Chapter 15. Configuring a static route

By default, and if a default gateway is configured, Red Hat Enterprise Linux forwards traffic for networks that are not directly connected to the host to the default gateway. Using a static route, you can configure that Red Hat Enterprise Linux forwards the traffic for a specific host or network to a different router than the default gateway. This section describes how to configure a static route.

15.1. How to use the nmcli command to configure a static route

To configure a static route, use the nmcli utility with the following syntax:

$ nmcli connection modify connection_name ipv4.routes "ip[/prefix] [next_hop] [metric] [attribute=value] [attribute=value] ..."

The command supports the following route attributes:

  • table=n
  • src=address
  • tos=n
  • onlink=true|false
  • window=n
  • cwnd=n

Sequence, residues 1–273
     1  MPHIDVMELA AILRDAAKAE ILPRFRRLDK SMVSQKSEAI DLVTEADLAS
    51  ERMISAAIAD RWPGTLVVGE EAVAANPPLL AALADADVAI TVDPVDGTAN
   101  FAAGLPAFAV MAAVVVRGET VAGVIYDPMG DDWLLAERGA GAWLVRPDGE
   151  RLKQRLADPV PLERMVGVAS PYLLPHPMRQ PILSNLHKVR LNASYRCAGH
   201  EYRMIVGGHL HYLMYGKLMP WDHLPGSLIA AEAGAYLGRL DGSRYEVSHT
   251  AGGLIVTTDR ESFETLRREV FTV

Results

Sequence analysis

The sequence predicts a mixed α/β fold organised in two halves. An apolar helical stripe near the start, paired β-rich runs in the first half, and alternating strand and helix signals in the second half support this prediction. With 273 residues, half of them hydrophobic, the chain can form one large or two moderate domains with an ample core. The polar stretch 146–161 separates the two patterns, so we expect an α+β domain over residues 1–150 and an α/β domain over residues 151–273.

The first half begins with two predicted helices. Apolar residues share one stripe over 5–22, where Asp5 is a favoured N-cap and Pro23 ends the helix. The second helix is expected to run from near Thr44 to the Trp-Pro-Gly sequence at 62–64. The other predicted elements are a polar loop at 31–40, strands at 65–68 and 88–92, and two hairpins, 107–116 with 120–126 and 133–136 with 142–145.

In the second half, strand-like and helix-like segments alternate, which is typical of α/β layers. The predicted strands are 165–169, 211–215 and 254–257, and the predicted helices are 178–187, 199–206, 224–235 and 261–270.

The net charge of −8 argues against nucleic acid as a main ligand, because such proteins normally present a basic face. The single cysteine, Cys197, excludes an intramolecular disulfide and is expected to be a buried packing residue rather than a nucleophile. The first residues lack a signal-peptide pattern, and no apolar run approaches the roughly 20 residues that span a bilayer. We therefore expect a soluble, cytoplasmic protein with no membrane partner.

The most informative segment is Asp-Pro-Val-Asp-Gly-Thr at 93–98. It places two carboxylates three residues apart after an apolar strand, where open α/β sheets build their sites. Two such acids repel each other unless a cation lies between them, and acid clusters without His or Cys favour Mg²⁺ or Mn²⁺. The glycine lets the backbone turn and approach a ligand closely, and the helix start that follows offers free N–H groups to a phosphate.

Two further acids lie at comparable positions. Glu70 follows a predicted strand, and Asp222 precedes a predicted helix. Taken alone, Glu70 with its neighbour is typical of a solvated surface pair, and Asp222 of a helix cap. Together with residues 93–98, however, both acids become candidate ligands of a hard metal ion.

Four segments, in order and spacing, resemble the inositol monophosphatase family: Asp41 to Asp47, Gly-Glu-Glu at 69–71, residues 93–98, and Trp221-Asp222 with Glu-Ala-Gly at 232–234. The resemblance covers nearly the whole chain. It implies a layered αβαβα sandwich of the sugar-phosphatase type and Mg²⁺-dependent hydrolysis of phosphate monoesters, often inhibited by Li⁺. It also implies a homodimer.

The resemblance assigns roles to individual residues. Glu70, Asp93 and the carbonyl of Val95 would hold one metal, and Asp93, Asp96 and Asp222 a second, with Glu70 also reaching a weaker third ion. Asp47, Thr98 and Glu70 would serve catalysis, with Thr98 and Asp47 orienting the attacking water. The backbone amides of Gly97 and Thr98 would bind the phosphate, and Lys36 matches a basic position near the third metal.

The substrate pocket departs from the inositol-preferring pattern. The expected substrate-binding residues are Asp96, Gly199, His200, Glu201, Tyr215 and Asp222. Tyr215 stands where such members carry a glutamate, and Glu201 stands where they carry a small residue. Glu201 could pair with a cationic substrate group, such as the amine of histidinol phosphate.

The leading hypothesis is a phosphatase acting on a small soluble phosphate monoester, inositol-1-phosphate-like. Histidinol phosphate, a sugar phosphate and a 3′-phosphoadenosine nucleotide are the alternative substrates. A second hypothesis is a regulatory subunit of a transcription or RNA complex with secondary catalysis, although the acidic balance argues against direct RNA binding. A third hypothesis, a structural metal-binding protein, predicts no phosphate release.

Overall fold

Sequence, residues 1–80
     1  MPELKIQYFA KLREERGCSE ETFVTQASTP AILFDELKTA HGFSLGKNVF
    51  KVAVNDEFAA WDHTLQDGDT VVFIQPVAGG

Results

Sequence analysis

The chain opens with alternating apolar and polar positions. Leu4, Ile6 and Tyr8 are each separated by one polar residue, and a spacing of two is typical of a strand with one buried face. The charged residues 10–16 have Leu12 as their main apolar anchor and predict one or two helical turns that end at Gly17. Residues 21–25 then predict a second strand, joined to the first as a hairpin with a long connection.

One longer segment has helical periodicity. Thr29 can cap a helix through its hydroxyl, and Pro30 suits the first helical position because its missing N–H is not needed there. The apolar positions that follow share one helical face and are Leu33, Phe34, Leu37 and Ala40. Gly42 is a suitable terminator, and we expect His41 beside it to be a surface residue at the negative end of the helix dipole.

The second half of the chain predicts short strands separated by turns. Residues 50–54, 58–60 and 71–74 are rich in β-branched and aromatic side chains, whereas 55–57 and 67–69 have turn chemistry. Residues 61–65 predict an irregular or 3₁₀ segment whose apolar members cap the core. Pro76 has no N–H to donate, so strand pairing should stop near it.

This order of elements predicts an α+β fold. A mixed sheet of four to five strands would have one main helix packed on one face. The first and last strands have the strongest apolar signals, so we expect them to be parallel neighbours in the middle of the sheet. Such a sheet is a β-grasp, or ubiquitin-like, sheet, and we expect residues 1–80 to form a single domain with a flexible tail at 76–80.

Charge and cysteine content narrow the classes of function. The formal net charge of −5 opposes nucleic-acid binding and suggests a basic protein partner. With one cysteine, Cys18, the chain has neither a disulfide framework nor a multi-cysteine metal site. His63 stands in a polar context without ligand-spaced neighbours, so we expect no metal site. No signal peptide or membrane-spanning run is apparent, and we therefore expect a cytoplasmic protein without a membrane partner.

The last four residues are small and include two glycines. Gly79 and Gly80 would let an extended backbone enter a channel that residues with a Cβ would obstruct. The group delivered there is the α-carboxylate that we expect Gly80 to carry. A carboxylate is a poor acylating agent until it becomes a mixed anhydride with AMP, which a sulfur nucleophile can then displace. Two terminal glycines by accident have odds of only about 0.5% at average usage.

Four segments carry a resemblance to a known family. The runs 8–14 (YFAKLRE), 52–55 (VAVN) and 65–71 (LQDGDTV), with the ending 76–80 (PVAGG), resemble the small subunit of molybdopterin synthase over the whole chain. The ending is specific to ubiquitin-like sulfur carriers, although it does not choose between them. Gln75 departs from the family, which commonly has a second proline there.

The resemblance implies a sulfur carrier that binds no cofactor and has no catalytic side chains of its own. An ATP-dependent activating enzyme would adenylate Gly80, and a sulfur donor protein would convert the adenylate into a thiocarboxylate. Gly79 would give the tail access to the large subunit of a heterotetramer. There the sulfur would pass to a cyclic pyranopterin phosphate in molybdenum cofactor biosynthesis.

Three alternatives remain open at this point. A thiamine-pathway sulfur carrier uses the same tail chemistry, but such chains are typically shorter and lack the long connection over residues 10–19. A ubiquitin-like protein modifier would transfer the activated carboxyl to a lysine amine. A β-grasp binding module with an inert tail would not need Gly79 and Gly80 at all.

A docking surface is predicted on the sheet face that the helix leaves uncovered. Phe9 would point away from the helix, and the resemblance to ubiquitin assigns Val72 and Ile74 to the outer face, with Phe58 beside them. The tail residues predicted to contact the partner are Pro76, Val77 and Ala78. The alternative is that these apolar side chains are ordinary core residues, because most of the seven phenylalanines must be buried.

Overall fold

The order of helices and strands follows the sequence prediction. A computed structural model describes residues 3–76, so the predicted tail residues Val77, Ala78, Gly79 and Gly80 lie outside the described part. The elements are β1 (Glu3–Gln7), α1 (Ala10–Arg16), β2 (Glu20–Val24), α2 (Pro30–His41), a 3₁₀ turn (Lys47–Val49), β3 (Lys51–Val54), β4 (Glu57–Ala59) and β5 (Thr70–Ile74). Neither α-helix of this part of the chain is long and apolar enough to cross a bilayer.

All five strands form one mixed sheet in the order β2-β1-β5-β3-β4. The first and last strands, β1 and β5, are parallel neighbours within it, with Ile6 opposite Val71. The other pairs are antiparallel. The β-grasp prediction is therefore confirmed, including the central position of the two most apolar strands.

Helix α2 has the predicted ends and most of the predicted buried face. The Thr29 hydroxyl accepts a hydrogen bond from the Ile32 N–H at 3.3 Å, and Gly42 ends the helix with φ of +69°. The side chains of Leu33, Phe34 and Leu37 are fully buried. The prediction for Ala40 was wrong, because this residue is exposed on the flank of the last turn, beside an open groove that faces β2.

• mtu=n
  • lock-window=true|false
  • lock-cwdn=true|false
  • lock-mtu=true|false

If you use the ipv4.routes sub-command, nmcli overrides all current settings of this parameter. To add an additional route, use the nmcli connection modify connection_name +ipv4.routes "…​" command. In a similar way, you can use nmcli connection modify connection_name -ipv4.routes "…​" to remove a specific route.

15.2. Configuring a static route using an nmcli command

You can add a static route to the configuration of a network connection using the nmcli connection modify command.

The procedure in this section describes how to add a route to the 192.0.2.0/24 network that uses the gateway running on 198.51.100.1, which is reachable through the example connection.

Prerequisites

  • The network is configured
  • The gateway for the static route must be directly reachable on the interface.
  • If the user is logged in on a physical console, user permissions are sufficient. Otherwise, the command requires root permissions.

Procedure

  1. Add the static route to the example connection:

    $ sudo nmcli connection modify example +ipv4.routes "192.0.2.0/24 198.51.100.1"